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Towers of Hanoi

- Only one disk may be moved at a time.
- A disk may not be “set aside”. It may only be stacked on one of the three posts.
- A larger disk may never be placed on top of a smaller one.

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Towers of Hanoi

- If we label the posts as A, B, and C, we could express an algorithm to move a pile of disks from A to C, using B as temporary storage, as:Move disk from A to CMove disk from A to BMove disk from C to B

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Towers of Hanoi

- Let’s consider some easy cases –
- 1 diskMove disk from A to C
- 2 disksMove disk from A to BMove disk from A to CMove disk from B to C

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Towers of Hanoi

- 3 disksTo move the largest disk to C, we first need to move the two smaller disks out of the way. These two smaller disks form a pyramid of size 2, which we know how to solve.Move a tower of two from A to BMove one disk from A to CMove a tower of two from B to C

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Towers of Hanoi

- Algorithm: move n-disk tower from source to destination via resting placemove n-1 disk tower from source to resting placemove 1 disk tower from source to destinationmove n-1 disk tower from resting place to destination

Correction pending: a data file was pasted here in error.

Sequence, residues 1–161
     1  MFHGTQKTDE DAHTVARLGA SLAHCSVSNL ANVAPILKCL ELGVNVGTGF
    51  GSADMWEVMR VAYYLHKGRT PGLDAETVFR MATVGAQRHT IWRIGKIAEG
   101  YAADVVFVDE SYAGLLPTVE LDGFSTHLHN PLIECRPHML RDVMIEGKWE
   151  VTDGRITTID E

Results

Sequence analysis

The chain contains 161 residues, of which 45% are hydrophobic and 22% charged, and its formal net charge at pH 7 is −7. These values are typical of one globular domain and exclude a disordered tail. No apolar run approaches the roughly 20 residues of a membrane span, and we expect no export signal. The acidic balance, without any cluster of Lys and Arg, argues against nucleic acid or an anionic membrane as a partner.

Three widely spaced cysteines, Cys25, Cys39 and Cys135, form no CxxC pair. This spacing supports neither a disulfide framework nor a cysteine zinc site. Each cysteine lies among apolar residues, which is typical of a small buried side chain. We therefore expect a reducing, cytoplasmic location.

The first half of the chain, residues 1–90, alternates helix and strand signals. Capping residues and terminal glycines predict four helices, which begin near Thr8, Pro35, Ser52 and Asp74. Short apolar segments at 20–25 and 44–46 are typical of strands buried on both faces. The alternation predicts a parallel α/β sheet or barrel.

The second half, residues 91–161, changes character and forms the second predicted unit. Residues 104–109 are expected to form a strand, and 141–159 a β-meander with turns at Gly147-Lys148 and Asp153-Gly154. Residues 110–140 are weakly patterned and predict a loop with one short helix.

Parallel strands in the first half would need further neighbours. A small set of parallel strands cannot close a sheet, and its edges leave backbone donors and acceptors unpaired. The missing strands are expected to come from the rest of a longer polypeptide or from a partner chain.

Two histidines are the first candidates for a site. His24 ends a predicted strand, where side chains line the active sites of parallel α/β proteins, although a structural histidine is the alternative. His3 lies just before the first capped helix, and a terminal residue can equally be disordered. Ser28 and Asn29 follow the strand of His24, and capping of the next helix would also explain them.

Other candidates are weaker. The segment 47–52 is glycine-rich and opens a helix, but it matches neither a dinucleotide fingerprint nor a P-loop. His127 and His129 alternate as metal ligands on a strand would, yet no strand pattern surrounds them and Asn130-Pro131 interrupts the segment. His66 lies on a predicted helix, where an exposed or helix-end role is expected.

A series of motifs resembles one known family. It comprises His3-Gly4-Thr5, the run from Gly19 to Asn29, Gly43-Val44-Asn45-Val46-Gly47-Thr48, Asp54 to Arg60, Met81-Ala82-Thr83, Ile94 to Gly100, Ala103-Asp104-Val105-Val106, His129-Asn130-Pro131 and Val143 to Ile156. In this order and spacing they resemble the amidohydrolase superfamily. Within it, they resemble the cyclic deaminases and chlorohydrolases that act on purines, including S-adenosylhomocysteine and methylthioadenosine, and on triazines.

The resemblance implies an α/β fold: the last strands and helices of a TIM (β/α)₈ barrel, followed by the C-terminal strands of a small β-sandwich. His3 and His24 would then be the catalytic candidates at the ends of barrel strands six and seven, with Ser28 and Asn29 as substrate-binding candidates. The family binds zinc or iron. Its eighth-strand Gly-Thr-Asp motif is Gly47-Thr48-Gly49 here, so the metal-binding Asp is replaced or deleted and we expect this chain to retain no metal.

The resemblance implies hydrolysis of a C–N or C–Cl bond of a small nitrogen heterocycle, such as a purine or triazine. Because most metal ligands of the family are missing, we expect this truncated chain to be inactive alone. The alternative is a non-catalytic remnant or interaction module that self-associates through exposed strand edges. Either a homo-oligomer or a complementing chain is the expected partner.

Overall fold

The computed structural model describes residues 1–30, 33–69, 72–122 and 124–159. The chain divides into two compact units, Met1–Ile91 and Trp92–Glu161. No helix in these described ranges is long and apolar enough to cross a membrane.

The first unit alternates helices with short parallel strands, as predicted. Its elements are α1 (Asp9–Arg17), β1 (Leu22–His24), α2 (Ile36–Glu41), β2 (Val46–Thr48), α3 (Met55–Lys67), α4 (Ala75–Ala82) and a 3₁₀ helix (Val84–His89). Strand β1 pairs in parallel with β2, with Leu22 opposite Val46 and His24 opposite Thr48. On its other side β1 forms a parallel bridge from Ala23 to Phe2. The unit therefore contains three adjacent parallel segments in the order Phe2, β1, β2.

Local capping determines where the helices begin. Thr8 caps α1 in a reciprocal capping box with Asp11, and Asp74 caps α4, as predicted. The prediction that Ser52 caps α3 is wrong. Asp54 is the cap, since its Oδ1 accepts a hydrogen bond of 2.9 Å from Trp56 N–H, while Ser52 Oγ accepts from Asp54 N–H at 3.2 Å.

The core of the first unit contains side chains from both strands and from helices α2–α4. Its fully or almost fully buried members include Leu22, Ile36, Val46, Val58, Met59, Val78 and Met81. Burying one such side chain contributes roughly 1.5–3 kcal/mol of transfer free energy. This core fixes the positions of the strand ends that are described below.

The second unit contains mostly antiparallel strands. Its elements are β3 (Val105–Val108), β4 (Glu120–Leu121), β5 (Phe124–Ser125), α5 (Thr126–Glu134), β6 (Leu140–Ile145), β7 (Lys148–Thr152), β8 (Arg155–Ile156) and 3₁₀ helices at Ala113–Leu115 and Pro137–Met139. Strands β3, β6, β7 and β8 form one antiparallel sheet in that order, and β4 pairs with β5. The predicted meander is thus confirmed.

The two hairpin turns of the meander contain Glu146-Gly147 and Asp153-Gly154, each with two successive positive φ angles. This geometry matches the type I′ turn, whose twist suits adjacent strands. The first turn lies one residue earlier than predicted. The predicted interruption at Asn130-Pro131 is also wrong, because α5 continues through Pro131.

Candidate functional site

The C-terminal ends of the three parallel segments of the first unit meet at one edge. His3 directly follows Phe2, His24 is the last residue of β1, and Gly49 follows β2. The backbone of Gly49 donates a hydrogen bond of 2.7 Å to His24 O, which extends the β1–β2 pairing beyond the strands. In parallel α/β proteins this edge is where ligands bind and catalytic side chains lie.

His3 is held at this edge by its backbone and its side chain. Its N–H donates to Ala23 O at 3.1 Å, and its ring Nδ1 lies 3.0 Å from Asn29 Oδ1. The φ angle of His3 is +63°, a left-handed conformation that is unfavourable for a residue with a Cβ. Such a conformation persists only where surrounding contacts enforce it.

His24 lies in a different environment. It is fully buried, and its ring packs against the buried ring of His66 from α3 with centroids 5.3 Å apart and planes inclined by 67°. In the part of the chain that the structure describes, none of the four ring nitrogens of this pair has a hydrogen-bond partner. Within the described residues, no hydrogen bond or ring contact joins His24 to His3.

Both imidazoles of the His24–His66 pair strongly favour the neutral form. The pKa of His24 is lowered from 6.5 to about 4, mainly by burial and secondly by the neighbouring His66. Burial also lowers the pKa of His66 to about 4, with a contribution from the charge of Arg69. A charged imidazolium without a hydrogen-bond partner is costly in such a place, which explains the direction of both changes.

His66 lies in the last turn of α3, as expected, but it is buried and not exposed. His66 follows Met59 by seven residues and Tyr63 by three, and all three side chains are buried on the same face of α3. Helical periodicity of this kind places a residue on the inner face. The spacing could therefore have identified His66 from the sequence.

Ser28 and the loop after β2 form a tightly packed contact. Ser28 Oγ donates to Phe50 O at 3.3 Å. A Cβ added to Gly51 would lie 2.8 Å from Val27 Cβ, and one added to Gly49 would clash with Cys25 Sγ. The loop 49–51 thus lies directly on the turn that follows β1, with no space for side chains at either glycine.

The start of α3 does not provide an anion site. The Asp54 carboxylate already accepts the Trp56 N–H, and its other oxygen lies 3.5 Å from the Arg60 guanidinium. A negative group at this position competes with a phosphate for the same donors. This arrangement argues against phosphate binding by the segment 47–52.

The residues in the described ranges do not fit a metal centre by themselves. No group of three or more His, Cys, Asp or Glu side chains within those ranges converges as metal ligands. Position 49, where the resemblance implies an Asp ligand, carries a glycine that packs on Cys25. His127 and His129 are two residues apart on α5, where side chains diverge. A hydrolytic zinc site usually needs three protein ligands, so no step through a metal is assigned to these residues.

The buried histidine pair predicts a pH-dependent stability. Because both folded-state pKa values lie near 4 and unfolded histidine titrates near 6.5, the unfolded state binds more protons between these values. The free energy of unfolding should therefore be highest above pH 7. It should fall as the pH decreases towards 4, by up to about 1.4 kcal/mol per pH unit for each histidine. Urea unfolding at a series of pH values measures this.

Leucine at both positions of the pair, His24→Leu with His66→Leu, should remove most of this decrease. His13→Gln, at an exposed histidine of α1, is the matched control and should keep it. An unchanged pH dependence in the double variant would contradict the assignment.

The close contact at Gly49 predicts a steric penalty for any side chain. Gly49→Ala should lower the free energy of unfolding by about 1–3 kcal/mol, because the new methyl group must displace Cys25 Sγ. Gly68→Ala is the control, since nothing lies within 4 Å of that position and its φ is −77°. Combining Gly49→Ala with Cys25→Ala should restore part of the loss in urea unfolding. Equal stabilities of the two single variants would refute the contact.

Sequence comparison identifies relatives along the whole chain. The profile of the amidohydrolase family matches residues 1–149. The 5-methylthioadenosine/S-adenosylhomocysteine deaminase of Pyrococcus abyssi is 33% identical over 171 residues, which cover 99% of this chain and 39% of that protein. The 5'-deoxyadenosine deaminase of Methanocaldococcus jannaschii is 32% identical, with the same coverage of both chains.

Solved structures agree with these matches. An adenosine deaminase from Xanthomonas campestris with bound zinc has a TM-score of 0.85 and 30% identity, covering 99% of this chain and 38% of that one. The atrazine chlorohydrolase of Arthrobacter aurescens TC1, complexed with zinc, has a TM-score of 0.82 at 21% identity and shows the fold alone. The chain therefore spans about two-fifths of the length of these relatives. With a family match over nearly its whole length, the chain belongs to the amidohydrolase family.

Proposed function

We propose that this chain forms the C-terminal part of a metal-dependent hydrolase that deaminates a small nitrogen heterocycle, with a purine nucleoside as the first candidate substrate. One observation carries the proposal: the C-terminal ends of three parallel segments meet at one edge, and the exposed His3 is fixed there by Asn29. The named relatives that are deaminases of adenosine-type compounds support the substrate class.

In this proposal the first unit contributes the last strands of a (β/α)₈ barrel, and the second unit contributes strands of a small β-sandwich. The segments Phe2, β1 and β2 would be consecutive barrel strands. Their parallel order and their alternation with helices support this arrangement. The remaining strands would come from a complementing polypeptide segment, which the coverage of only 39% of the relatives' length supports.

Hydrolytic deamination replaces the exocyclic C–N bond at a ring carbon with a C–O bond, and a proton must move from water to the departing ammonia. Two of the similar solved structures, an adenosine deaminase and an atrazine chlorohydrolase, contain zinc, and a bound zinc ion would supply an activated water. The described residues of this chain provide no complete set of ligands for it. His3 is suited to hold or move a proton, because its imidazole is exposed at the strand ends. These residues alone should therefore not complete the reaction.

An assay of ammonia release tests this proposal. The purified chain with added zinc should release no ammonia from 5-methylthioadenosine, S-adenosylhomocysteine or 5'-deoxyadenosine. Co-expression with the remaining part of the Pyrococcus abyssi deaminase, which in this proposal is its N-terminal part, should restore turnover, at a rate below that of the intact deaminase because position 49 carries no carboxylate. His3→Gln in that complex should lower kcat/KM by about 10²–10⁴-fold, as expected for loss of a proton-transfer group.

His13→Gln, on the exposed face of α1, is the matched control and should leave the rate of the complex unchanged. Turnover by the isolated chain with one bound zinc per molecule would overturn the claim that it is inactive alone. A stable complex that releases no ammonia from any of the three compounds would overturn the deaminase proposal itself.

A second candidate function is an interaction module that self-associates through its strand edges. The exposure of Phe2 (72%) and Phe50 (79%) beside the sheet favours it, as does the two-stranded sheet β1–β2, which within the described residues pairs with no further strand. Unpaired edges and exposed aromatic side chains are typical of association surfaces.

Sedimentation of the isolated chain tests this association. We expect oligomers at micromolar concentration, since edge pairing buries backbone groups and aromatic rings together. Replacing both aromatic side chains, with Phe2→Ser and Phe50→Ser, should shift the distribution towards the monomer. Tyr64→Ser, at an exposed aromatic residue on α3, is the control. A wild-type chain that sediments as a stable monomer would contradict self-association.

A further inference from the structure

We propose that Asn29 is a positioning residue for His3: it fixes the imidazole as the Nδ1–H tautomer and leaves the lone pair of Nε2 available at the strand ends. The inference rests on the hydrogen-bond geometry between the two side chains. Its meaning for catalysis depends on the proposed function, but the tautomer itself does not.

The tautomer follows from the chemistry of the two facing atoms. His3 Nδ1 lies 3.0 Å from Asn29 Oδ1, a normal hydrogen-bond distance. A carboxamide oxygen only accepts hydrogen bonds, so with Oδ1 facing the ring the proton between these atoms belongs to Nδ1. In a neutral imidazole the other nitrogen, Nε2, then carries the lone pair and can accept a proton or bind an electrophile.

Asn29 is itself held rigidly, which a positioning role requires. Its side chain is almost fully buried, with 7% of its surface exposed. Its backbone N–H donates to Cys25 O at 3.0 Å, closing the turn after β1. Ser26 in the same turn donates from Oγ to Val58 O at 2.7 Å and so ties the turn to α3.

- What should the base case be? Eventually we will be moving a tower of size 1, which can be moved directly without needing a recursive call.

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Towers of Hanoi

- In moveTower, n is the size of the tower (integer), and source, dest, and temp are the three posts, represented by “A”, “B”, and “C”.
- def moveTower(n, source, dest, temp): if n == 1: print "Move disk from", source, "to", dest+".“ else: moveTower(n-1, source, temp, dest) moveTower(1, source, dest, temp) moveTower(n-1, temp, dest, source)

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Towers of Hanoi

- To get things started, we need to supply parameters for the four parameters:def hanoi(n): moveTower(n, "A", "C", "B")
- >>> hanoi(3)Move disk from A to C.Move disk from A to B.Move disk from C to B.Move disk from A to C.Move disk from B to A.Move disk from B to C.Move disk from A to C.

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Towers of Hanoi

- Why is this a “hard problem”?
- How many steps in our program are required to move a tower of size n?

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Towers of Hanoi

- To solve a puzzle of size n will require 2n-1 steps.
- Computer scientists refer to this as an exponential time algorithm.
- Exponential algorithms grow very fast.